Practical Emergency Medicine (Problem Solving in the ED)
Practical Emergency Medicine (Problem Solving in the ED) is a guide intended for junior doctors who are working in the Emergency Department.
The style is informal and scenario based. The questions and dilemmas are exactly the sort of things that you will be expected to know as soon as you set foot in the Emergency Department.
This practical book presents the basic knowledge that someone who has worked in emergency medicine takes for granted.

The scenarios are practical and represent the sort of problems that you can expect to be confronted with when you work in the Emergency Department.
Emergency medicine is a highly stressful environment.

Many decisions need to be made, and they need to be made quickly. There is little margin for error.

This book will help prepare junior staff, will ensure that they present well, that they  feel more confident and it will help them to make fewer errors.

About the authors:
Julia Fisher MBBS FACEM 
Julia is a Consultant Emergency Physician currently working at The Epworth Hospital in Victoria, Australia.
A Fellow of The Australasian College for Emergency Medicine since 2006 and is an enthusiastic teacher in the Emergency Department.

Nick is currently a consultant at the Geelong Hospital Intensive Care Department. Nick previously trained at The Royal Melbourne Hospital and Epworth Hospital in Melbourne. He has employed his ED skills as an medical officer on several expeditions to Antarctica and the sub-antarctic islands.

“Practical Emergency Medicine” by Julia Fisher & Nick Simpson

In this era of increasing subspecialisation, the practice of emergency medicine in the modern era remains wholeheartedly generalist. While intimidating for many, this ability to assess and treat patients from a broader perspective is essential for the safe and effective management of the “unfiltered” patient who presents to the emergency department.

By the same token, many junior doctors find their time in emergency medicine both exhilarating and intimidating. Some say it is the closest they get to being a “real doctor” in their prevocational years! The combination of immediacy, demand and drama leave lasting impressions on most doctors, irrespective of the medicine they practice at senior level.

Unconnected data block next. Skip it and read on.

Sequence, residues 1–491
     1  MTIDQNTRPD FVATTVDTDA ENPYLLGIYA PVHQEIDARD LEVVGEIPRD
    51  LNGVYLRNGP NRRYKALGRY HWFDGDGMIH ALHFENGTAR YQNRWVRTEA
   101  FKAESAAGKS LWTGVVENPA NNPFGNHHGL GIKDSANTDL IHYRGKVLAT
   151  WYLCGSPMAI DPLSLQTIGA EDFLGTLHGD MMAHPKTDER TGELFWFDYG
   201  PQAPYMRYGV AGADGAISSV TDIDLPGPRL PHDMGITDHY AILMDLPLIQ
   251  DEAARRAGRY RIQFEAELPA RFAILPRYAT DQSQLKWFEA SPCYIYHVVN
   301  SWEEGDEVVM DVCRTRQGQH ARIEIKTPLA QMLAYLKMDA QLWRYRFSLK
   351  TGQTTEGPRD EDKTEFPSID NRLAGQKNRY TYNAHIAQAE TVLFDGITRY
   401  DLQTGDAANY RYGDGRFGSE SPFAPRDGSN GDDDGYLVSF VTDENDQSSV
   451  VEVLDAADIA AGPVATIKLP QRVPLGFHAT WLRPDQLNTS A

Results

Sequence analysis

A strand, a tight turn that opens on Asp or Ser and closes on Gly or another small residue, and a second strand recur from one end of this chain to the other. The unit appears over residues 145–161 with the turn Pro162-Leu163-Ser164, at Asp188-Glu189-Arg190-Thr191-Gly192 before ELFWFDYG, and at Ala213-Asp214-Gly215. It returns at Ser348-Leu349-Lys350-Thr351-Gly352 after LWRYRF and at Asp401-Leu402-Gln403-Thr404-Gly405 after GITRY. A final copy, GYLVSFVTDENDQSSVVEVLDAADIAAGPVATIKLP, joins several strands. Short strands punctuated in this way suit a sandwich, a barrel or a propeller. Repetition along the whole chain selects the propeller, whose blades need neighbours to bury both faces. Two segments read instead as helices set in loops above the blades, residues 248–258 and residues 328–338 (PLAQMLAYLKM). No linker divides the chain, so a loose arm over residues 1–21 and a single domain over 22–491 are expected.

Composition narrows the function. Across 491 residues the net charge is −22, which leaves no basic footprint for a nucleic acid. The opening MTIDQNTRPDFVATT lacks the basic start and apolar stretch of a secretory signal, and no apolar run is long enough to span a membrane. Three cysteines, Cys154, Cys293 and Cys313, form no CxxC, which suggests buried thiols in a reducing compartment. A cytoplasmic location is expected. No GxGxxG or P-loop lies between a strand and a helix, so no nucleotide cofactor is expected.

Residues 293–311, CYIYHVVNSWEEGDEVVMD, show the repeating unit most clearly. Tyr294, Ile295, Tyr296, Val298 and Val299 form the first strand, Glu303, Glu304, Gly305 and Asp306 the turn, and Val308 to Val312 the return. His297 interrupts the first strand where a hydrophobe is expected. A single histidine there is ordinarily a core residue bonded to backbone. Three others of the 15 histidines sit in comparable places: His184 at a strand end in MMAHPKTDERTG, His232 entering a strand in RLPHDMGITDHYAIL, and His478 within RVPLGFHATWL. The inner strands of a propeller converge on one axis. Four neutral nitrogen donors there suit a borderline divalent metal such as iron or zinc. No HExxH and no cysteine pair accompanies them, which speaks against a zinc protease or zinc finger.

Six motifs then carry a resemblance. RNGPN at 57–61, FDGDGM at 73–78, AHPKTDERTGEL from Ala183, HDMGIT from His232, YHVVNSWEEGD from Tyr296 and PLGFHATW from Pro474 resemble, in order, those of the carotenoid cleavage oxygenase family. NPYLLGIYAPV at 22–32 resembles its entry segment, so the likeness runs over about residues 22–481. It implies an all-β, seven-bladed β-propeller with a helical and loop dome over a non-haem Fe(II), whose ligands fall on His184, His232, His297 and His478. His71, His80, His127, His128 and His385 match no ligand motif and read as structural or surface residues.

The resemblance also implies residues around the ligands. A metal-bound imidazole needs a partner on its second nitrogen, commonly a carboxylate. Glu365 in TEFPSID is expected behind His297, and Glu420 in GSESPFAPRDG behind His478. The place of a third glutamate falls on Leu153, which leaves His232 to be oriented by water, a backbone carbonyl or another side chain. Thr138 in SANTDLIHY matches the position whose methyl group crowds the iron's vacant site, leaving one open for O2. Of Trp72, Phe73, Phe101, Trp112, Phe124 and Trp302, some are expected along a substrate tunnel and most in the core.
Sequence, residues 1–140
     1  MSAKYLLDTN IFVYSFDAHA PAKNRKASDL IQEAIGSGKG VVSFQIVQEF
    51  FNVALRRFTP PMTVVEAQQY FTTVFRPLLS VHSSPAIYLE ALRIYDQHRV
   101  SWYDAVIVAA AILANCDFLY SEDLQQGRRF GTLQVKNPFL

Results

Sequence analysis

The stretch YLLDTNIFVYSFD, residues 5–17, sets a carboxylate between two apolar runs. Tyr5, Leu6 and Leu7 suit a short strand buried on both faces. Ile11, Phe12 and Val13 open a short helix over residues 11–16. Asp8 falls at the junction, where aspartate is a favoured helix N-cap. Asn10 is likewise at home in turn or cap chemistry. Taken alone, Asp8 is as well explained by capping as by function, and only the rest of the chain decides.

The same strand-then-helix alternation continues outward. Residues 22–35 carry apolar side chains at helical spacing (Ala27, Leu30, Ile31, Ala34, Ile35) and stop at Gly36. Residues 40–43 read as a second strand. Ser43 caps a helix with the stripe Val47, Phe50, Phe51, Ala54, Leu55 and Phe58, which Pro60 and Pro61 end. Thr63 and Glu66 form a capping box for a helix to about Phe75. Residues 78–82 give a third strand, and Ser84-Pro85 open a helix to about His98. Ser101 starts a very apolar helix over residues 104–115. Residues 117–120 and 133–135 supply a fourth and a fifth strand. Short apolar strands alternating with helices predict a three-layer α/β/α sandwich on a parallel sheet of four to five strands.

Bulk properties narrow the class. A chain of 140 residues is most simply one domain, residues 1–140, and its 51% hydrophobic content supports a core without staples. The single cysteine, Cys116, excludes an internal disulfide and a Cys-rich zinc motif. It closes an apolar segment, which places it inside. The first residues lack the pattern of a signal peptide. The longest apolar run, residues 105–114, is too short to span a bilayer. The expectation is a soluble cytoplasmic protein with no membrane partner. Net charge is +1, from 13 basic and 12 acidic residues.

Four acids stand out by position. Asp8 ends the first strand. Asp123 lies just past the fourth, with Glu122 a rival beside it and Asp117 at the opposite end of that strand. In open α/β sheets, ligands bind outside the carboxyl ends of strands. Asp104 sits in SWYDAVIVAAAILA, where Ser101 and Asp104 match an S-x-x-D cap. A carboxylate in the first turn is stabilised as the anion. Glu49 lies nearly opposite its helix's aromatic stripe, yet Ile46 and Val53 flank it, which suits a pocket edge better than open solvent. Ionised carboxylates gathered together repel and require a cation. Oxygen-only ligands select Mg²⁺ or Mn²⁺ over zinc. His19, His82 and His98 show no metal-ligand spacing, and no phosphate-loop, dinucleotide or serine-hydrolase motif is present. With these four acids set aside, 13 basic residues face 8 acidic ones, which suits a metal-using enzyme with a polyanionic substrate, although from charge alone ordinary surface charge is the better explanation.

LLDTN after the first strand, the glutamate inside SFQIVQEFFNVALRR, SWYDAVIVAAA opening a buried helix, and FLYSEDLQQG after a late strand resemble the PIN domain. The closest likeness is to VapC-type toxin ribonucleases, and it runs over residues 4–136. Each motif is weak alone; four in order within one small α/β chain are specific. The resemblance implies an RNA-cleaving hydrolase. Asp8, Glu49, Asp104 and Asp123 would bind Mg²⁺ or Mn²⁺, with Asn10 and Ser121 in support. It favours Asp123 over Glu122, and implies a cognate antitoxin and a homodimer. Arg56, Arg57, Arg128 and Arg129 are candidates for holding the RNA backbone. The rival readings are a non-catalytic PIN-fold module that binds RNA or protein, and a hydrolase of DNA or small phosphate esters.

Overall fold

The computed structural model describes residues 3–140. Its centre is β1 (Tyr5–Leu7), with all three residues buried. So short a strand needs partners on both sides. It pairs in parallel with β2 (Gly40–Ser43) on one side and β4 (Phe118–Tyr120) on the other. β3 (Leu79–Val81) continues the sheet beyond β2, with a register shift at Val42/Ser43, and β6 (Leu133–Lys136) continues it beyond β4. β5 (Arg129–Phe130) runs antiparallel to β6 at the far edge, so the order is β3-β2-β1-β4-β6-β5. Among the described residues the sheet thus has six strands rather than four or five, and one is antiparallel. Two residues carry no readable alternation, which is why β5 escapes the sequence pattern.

A book has been recently published with the aim of making it easier for junior doctors as they commence their terms in an emergency department. Written by two Australian emergency physicians, “Practical Emergency Medicine” seeks to give its readers a head start along the path towards a successful and satisfying term in the “ED”.

The subtitle for this book is “Problem solving in the Emergency Department”, an apt description of its teaching style. While not attempting to be a comprehensive syllabus for emergency medicine, it identifies many of the common scenarios and pitfalls that are encountered by clinicians, in a concise and effective format.
To emphasise its practical nature, each section has clinical radiology and pathology to illustrate scenarios and assist in decision-making. The mini tutorial format is intended to emulate the bedside teaching style we are all familiar with.
This is a book worth recommending not just to medical students and junior doctors, but to any clinician who provides emergency care.
While “Practical Emergency Medicine” is not a substitute for real-time supervision and support by senior staff in emergency medicine, it goes a long way towards helping junior doctors achieve their goal – to rapidly become a respected, safe and valuable member of the team.

Dr Stephen Parnis is a Consultant Emergency Physician and Vice President of AMA Victoria.


Discount Price for Internet Orders A$ 20.00  (RRP A$30.00)        ISBN 9780955908637